New York 26th District Special Election Results
Election Results Here
New York – 536 of 627 Precincts Reporting – 85%
|Hochul , Kathy||48%|
|Corwin , Jane||42%|
|Davis , Jack||8%|
|Murphy , Ian||1%|
Breaking News – AP Calls race for Kathy Hochul
How to Interpret Today’s NY-26 Special Election
The special election for the seat of former Congressman Chris Lee, in New York’s 26th district, was never supposed to be close. As voters fill out their ballots today, polls show Democrat Kathy Hochul with a four-to-six-points lead over Republican Jane Corwin, while self-funding “Tea Party” candidate Jack Davis lags far behind but still pulls in double digits.
That’s surprising, considering the district’s historically rightward bent, and it means that the election’s tea leaves will be closely interpreted for omens of the 2012 presidential election.
Many have attributed Hochul’s rise to the unpopularity of Republican Paul Ryan’s Medicare-reform plan, which the Democrat has made a central issue of her campaign, even forcing Corwin to explain at one point, “I’m not married to it.”
But are special elections — which usually take place because a congressman died, or was appointed to higher office, or, in this case, resigned after trying to pick up women on Craigslist — really all that special? In reality, it doesn’t really matter: Whether or not the race for a single seat can signal something about the national mood, political pundits from both parties will make sweeping generalizations about What It All Means. Here’s what they’re going to say, and how much of their spin will be legitimate.
If Democrat Hochul Wins
The Democratic Spin:
Democrats point to this surprising result as the first definitive proof of the powerful opposition to Ryan’s Medicare-reform plan. The plan is clearly as toxic as a stroll through Fukushima, as they’ve been saying all along, and it will likely lead to an Obama victory in November of 2012.
It’s true that voters who care most about Medicare are strongly in Hochul’s camp, according to polling. But the causality here isn’t quite so clear-cut, as Nate Silver explains:
What’s tricky about this is that it isn’t straightforward to determine whether voters are prepared to vote for Ms. Hochul because of the Medicare issue — or rather, whether they were going to vote for her for some other reason, but emphasize Medicare to pollsters because she has also.
There are also other factors to consider — the candidates themselves, their reputations and personalities, for example. So though Medicare will play a role in the outcome, it will be difficult to tell how large that role will be.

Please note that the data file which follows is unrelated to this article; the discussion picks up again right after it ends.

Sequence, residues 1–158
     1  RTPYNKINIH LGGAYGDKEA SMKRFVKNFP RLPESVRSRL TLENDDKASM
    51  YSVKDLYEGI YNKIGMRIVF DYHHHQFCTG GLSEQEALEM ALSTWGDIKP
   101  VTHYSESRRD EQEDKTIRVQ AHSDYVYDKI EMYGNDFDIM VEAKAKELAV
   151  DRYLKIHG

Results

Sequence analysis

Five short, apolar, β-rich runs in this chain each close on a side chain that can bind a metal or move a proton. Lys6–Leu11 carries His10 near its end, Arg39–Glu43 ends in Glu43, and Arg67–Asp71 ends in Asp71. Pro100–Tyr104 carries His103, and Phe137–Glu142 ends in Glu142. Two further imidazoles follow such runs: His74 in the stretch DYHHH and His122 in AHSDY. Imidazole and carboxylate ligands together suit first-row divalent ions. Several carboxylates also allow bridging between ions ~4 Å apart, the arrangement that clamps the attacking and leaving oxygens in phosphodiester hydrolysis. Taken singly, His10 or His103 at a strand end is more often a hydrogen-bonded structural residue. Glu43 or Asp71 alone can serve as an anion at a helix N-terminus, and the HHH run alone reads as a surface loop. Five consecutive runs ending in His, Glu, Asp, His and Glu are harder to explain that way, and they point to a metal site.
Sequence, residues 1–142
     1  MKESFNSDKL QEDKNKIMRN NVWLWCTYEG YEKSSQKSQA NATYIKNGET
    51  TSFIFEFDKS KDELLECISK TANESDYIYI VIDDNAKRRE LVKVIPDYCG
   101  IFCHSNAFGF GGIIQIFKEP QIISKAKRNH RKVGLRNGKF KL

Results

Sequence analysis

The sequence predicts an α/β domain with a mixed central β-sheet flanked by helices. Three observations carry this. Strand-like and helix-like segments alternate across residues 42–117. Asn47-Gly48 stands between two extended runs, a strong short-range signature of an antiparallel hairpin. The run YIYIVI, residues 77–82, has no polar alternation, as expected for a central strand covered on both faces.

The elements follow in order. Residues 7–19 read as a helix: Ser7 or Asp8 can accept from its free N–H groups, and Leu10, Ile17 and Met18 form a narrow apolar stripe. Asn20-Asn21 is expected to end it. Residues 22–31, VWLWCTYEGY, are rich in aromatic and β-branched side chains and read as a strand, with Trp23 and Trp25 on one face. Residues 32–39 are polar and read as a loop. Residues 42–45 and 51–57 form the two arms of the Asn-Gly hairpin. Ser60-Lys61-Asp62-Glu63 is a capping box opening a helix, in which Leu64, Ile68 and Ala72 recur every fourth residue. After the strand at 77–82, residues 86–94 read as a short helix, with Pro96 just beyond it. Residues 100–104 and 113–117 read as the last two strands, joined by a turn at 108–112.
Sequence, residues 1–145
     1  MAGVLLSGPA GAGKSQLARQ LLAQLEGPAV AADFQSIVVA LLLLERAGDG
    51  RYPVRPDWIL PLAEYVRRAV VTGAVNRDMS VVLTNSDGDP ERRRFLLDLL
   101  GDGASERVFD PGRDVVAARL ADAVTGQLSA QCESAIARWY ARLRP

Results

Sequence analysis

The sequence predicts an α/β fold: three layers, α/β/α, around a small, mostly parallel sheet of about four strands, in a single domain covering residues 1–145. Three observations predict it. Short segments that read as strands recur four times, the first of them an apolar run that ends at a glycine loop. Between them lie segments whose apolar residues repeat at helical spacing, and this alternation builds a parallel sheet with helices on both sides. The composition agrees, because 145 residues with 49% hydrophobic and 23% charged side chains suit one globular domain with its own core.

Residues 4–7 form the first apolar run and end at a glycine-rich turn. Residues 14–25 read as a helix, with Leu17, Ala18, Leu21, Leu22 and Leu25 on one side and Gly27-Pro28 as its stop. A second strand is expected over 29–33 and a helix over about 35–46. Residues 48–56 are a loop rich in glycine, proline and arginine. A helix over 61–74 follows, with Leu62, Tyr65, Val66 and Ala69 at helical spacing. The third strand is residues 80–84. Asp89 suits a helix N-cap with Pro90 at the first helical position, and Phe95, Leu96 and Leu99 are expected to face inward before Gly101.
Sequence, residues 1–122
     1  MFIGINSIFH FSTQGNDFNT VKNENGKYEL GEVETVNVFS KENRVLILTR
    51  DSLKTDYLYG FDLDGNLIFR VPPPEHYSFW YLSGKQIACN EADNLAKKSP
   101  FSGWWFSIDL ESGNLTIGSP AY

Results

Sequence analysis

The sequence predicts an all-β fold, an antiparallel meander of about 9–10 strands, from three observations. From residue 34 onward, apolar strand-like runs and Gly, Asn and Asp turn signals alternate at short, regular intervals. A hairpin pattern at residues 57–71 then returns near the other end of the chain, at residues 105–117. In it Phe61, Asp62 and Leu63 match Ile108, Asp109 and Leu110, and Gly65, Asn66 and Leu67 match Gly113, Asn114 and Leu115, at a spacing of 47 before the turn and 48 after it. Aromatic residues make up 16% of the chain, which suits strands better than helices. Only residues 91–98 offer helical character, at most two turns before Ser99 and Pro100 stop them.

And even assuming that opposition to Paul Ryan’s Medicare plan is a decisive factor, how much can that foretell about November 2012? The Medicare plan may be a central issue at the moment, but will it remain prominent in the political discussion fifteen months from now? What if an agreement on reforming Medicare has been reached by then? What if the presidential election, or unforeseeable events, cause other issues to overshadow the debate over Medicare entirely? It’s a long time until 2012.
The Republican Counter-Spin:
Republicans will insist that they would have won if not for the presence of Jack Davis, the eccentric businessman pulling in around 12 or 13 percent of the vote on the Tea Party line, and therefore the results are meaningless, and everyone should forget that this ever happened. The truth though, is that if Hochul wins, it’s a victory regardless of Davis. Davis may be running on the “Tea Party” line this year, but he ran as a Democrat for the same seat in 2004, 2006, and 2008, and his “ideology is too inconsistent to be readily categorized,” as the Washington Post put it. In a recent Siena poll, he draws about the same amount of support from Republicans as he does from Democrats. In other words, if Hochul wins, it won’t be because Davis split the conservative vote.
The Davis effect
There’s probably no more critical factor in the race than Jack Davis, the Democrat-turned-tea-party-candidate who’s spent nearly $3 million of his own funds casting himself as an independent-minded outsider who will save the Buffalo area’s blue-collar workers from losing their jobs to China.
Davis, who’s been the target of GOP attack ads in recent weeks, has seen his polling numbers plummet from 23 percent last month to 12 percent in a Siena Research Institute survey released over the weekend. But the poll found Davis picking up 13 percent of Republican voters — support that would otherwise very likely go to Corwin and could determine a close contest.
Strategists involved in the race agree that if Davis pulls a double-digit share of the votes, Hochul is all but certain to win. But if Davis’s support further erodes and the wealthy industrialist finishes in single digits, Corwin will most likely end up on top.
The darkest Democratic fear: GOP-leaning Davis backers decide at the last moment their vote is better off with Corwin.
What the Polls say
|Poll||Date||Sample||Hochul (D)||Corwin (R)||Davis (I)||Spread|
|PPP (D)||5/21 – 5/22||1106 LV||42||36||13||Hochul +6|
|Siena||5/18 – 5/20||639 LV||42||38||12||Hochul +4|
|Siena||4/26 – 4/27||484 LV||31||36||23||Corwin +5|